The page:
Astronomy in Estonia



{ Laurits Leedjärv 2004 }






Astronomy [in Estonia]


The starry night sky has fascinated people since time immemorial. Present-day astronomers in Estonia try to understand the structure and evolution of the vast Universe as a whole, and to uncover the most intimate secrets of the stars. About 25 highly qualified astronomers is rather a large number given the small size of Estonia. It is therefore tempting to say that the love that ancient Estonians had for the starry sky has, through time, been transformed into a highly developed form of professional astronomy.


However, a deeper look at the roots of astronomy also reveals the irrefutable role of the University of Tartu and, in particular, that of the prominent astronomers who worked there. The old University Observatory, built at the beginning of the 19th century, began to gain worldwide renown under the directorship of Friedrich Georg Wilhelm Struve.


On several occasions, pioneering work by Tartu astronomers has significantly contributed to the comprehension of how large the Universe is, and how it functions. The story begins with Struve, who, in 1837, published the results of his efforts, stretching over many years, to measure the distance to the bright star of Vega. He concluded, that the light from Vega travels for 26 years to reach us. This was very close to the results, which have been achieved with modern precision measurements.


By the beginning of the 20th century, about 15,000 nebulae were known to astronomers. But nobody knew how far away they were. Ernst Julius Öpik, the Grand Old Man of modern Estonian astronomy, invented a novel method for estimating the distance to nebulae. And when applying this method to the great Andromeda nebula, conclusively demonstrated that it lies well outside our own Milky Way, forming an independent “island” in the Universe. Once again, the estimated size of the Universe increased several thousand fold.


After World War II, Aksel Kipper initiated the building a new observatory at Tõravere, about 20 km south-west of Tartu. This was opened in 1964, and has since then catered to the needs of both astronomers and atmospheric scientists. In 1975, the observatory obtained a 1.5 metre reflector telescope, which is the largest optical telescope in Northern Europe.


The spirit of Struve and Öpik most prominently lives on in the studies carried out at present by Jaan Einasto and his colleagues. The highlights of their research, during the last 30 years, include the discovery of dark matter, of the cellular structure of the Universe, and of the regularity of that structure. In the late 1960s and early 1970s, astronomers began to realise that most, if not all, galaxies are surrounded by coronae of invisible dark matter. And astronomers from Tartu were among the first to publish the results of their research concerning these massive galactic coronae. The paper by Jaan Einasto, Enn Saar, and Ants Kaasik in the prestigious journal “Nature”, in 1974, has remained one of the landmarks in the development of 20th century astronomy.


By now, it has become evident that ordinary visible matter forms only about 4 per cent of the energy density in the Universe. 23 per cent is the above-mentioned dark matter, and the remaining 73 per cent is, so called, dark energy, causing the eternal expansion of the Universe. This dark power has shaped the structure of the Universe from the very start, causing the presently observable regularity of the structure. And again, Tartu astronomers, led by Jaan Einasto, have been at the forefront of these studies. Their paper in "Nature", in 1997, was among the first to describe the Universe as an almost regular cellular structure. In other words, long chains of clusters and superclusters of galaxies form a three-dimensional net with a characteristic length of about 400 million light years and with huge voids inside the interstices. Such a cosmic honeycomb must have had its origin in the course of the very first second after the Big Bang, which took place some 14 billion years ago. At present, our astronomers are involved in the preparations for the space mission Planck, which, after being launched in 2007, will map the remnant radiation from the Big Bang with unprecedented accuracy.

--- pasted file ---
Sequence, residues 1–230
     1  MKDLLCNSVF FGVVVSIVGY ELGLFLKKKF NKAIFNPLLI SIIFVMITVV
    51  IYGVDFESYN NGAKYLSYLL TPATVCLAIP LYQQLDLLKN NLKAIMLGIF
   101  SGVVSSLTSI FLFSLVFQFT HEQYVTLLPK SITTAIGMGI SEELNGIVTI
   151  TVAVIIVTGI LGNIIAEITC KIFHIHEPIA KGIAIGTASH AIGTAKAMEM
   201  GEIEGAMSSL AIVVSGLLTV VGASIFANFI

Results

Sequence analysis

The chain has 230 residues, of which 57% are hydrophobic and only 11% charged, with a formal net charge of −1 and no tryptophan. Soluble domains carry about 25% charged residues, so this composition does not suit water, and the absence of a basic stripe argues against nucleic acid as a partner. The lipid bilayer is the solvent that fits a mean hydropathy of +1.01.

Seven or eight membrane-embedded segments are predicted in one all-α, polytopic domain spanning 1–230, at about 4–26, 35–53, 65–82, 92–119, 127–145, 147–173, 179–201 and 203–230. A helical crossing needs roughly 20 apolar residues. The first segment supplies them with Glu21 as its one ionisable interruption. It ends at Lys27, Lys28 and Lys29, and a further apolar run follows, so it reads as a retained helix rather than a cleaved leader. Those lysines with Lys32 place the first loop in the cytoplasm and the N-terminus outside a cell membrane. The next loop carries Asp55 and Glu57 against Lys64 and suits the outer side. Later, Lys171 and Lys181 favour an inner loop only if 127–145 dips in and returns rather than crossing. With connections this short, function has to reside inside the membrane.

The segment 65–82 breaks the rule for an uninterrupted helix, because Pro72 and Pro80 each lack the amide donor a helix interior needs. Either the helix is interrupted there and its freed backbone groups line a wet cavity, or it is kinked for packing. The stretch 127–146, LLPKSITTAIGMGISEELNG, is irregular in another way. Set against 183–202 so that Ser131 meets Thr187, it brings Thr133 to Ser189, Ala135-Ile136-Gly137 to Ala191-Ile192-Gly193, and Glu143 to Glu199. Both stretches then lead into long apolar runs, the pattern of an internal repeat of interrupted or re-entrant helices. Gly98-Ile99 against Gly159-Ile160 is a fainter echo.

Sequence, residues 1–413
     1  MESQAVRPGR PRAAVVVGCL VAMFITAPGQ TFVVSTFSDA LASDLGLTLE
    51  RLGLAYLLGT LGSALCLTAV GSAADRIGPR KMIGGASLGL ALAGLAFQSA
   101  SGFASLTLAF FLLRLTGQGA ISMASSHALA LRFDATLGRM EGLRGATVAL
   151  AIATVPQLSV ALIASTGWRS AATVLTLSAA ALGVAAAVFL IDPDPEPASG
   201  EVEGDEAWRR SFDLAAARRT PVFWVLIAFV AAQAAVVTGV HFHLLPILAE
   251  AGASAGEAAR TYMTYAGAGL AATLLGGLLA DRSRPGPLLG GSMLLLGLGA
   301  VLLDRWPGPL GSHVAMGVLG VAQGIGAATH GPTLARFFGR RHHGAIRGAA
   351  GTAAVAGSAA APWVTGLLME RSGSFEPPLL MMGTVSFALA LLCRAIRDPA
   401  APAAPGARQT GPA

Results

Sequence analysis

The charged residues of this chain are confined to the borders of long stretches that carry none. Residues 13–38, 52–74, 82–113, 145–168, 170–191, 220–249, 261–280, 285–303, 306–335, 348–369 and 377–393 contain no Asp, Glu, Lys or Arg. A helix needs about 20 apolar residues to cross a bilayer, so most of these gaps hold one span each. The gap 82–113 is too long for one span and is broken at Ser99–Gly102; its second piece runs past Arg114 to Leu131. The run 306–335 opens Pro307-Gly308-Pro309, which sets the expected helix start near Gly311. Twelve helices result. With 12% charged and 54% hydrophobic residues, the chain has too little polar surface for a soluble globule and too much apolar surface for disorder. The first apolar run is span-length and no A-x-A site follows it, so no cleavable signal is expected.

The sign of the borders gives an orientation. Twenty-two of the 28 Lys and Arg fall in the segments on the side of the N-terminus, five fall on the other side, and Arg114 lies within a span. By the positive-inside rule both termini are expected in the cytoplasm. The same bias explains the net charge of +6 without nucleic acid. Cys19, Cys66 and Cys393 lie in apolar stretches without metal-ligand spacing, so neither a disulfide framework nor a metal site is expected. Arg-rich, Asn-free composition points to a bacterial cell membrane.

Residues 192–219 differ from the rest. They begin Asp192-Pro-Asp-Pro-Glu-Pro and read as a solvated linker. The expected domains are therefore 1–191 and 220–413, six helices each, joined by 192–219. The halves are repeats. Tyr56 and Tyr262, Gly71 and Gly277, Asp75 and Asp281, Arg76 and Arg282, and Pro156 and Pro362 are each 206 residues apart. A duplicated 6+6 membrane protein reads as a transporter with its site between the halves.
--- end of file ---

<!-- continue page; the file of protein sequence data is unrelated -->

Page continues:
Studying the processes governing the lives of stars is another main research area for Estonian astronomers. Among our stellar specialists, there are the "classical" astronomers who make night-time telescopic observations, at least as much as the Estonian climate allows. The main objects of study are non-stable stars, which are variable on different time scales, mostly non-periodically and unpredictably. The most important prerequisite for understanding the nature of those stars is recording, for as long as possible, the series of the variations. At the same time, a theory of stellar atmospheres has been developed. And thereby, as a result of the co-operation between theoreticians and observers, a consistent picture of the nature and evolution of several types of stars is emerging at Tõravere.


Besides professional astronomers, there are always people looking into the skies as a hobby. Thousands of people, mostly schoolchildren, visit the observatories at Tõravere, Tartu, and Tallinn each year. And an all-Estonian conference of amateur astronomers is held on an annual basis. Perhaps these facts, together with the internationally recognised achievements of our professional astronomers, justify the claim, that there is something special in the Estonians’ relationship with the starry sky.